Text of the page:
The local movie industry can boast a healthy crop this year and much groundwork for further growth, reports PETER CALDER.

There's a part of our national character which won't be able to resist claiming The Lord of the Rings as a New Zealand film.

When the first part of the film trilogy lights up screens across the globe at Christmas, it is this country that will be on show (and not just the landscapes, most of the talent is local). But the record will show that it's an American movie, financed with American money. We may only bask in its reflected glory.

By comparison purely local achievement may seem pallid. But in fact there's much to celebrate in the local film industry. It's been a belter year for local features as the lineup at next month's Nokia Film Awards attests. The slick poolroom caper flick Stickmen, anarchic road movie Snakeskin and the moody and delicate Rain are jostling for top honours. None is the foregone conclusion of some recent years when winners seemed to be elected unopposed. And only an industry flush with self-confidence could produce a list of nominations which leaves Neil Finn out of the soundtrack category.

Meanwhile shooting begins next month on South Pacific Pictures' Whale Rider, the first fruit of the $22 million Film Production Fund the Government set up last year to boost local production. With a budget of $10 million, it's a big movie by local standards.

There are pleasing signs of vigour at grass roots, too. A record 110 applicants sought grants in the last funding round of the Screen Innovation Production Fund, the Creative New Zealand-administered purse for small, innovative, experimental movies.

As a result only one in seven projects was offered a grant, according to the chair of the assessment panel, Alastair Carruthers. But the list of successful applicants includes some promisingly offbeat material.

Most unusual is the plan of Auckland filmmaker Jonathan Brough for a production called Circle of Friends, which uses video technology to break a story into eight parts and shows it on eight screens arranged in a circle around the audience. The result is an installation piece that offers multiple possible outcomes.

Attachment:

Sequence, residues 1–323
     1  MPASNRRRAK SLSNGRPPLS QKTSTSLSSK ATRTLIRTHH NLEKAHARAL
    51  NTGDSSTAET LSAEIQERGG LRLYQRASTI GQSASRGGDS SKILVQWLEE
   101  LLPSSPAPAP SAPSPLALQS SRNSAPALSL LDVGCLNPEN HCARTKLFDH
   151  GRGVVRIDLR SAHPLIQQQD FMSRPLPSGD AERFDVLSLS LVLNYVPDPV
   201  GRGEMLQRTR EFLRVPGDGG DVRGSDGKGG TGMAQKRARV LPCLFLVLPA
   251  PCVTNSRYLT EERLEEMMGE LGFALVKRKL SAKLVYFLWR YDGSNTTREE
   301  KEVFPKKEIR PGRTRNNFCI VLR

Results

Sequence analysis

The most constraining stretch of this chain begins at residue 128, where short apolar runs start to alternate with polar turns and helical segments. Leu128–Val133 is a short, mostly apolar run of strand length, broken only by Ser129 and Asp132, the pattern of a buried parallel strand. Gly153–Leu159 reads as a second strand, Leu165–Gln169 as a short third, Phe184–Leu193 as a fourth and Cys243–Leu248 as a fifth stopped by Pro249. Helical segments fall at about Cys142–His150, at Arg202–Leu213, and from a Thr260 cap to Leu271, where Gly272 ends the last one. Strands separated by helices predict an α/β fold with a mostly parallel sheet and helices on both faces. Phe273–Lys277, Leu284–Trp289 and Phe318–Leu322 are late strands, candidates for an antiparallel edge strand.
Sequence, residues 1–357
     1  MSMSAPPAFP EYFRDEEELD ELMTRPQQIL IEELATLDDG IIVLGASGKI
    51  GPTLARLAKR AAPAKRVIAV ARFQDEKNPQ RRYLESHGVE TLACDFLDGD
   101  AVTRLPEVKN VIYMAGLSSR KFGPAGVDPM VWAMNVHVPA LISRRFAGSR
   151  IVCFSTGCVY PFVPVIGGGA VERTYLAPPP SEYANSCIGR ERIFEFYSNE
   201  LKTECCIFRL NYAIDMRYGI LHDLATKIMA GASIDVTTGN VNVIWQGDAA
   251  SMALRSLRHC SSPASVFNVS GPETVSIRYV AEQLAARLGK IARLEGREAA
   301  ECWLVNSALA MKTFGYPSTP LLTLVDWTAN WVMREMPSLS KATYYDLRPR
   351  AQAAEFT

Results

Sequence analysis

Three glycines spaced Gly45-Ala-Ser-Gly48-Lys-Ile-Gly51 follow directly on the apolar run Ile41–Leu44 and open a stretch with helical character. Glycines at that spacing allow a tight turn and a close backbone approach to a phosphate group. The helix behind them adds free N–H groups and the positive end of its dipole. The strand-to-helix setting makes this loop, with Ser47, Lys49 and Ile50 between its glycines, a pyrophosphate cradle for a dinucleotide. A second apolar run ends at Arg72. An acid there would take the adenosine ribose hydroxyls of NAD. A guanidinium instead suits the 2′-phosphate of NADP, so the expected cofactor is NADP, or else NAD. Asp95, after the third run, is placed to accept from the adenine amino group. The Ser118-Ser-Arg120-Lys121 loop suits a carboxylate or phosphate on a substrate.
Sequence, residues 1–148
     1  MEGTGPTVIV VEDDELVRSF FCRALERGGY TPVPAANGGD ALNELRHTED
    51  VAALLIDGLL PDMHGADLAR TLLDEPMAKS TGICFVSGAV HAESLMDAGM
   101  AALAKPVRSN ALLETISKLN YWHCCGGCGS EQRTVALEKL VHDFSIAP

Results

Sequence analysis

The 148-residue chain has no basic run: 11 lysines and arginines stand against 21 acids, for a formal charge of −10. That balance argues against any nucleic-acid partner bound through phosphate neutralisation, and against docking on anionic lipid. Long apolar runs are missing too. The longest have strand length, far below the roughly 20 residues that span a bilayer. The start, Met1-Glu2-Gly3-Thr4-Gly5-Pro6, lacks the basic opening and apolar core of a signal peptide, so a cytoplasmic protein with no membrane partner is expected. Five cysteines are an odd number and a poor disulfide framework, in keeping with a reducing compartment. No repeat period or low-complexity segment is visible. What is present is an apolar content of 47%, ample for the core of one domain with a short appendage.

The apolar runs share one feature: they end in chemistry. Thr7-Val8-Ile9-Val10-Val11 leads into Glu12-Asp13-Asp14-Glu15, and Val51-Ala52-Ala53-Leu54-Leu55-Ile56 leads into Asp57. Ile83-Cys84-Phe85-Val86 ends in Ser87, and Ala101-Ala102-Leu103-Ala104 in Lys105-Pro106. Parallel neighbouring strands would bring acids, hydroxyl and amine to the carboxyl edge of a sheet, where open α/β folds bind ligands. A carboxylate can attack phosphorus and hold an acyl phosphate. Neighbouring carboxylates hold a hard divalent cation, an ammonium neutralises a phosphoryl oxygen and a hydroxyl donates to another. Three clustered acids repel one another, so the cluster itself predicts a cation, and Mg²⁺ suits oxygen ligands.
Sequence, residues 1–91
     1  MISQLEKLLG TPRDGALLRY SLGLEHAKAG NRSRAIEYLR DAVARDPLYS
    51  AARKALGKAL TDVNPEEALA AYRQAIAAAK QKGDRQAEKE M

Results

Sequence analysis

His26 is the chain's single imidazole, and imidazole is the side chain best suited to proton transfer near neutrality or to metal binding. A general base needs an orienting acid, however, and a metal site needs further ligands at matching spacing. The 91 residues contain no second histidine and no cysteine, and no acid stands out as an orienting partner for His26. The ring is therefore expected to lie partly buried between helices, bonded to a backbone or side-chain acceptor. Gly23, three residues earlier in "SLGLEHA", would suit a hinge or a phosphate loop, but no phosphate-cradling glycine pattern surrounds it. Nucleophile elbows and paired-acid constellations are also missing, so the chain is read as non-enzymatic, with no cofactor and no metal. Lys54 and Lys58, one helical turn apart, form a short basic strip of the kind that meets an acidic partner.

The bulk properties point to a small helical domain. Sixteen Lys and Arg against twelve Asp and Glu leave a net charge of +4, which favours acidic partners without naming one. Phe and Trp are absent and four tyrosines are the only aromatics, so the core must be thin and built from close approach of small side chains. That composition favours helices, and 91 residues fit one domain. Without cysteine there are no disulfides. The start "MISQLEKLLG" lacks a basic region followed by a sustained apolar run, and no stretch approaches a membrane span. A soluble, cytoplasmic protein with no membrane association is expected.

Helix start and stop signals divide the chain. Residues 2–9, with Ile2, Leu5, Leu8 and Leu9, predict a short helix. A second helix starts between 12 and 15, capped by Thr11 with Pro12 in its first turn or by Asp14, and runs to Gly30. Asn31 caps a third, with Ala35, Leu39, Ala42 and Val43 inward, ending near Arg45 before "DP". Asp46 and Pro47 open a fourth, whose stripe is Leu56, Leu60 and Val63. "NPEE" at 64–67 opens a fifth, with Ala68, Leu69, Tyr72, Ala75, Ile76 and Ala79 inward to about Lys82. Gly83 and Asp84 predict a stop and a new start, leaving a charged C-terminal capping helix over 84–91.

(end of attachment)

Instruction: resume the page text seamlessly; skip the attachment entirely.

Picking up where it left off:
Digital video has revolutionised filmmaking and it's now possible for small (even one-person) crews to undertake quite challenging assignments on shoestring budgets without necessarily producing something which looks low-rent. Several of the grants, which range from $2000 to $22,000, have gone to assisting with the production or post-production of digital features, some of them for nationwide release on DVD.

Online media, such as the Flash 5 animation programme, are the mode of choice for others. Damon Clapshaw and Andrew Bunyan of Pakuranga got $22,000 to produce an animated satirical comedy about the vexed matter of genetic modification.

More traditional approaches are used in several documentary projects which on the face of it might have warranted interest from the television channels.

Hitendra Patel, of Mt Eden, has developed the subject he studied for his masters degree in anthropology into a documentary idea, Children of Zion, about the lives of the Rastafarians in and around the isolated East Coast settlement of Ruatoria.

Patel, a student at the School of Creative and Performing Arts at the University of Auckland, says he managed to win the trust of the locals over several visits.

"Some issues are more sensitive than others," he says, and he's not referring to the Rastas' taste for marijuana which has a sacramental significance. "That may be a media issue, but it's not an issue for them. What's more important are land claims which stretch back over 100 years. It's not simple."

Meanwhile, Anoar Ahmed is undertaking a history of dance music in New Zealand, but the Charleston, foxtrot and Saturday Night Fever won't get a look in. By "dance music" he means the underground, electronic DJ-based entertainment which was born in the big Northern Hemisphere cities and now dominates night life for many young people here.

"I'm not so much interested in the music as the culture that celebrates that kind of music," he explains. "In a sense it's very derivative, very influenced by New Zealanders coming back home, but now it's got its own identity here and is regarded as one of the most exciting places in the world by international DJs."

Among these mainly young filmmakers lurk many of the feature filmmakers of the future. But for those whose process of gestation is further advanced, a visit from two experts on the art and craft of screenwriting is an exciting opportunity.

Englishman Stephen Cleary and Joan Scheckel of Los Angeles are script educators who are running - separately and together - workshops and public forums on scriptwriting in several centres during November. Most are already booked out. Scheckel is also conducting intensive workshops (one for Maori filmmakers, another for writers with feature projects already at first-draft stage) later in the month.

Their visits, funded jointly by Montana Wines, the British Council and the Fulbright Foundation, are the first major step of the New Zealand Writers Foundation, a group established this year to concentrate on script development.

Local film scripts have, with a few conspicuous exceptions, varied from bad to dire since the industry was kickstarted a quarter-century ago. The foundation, which uses as its motto Hitchcock's famous pronouncement that there are three things needed to make a successful film - "a great script, a great script and a great script" - is promising to do something about it. Filmmakers and filmgoers alike should take heart from the news.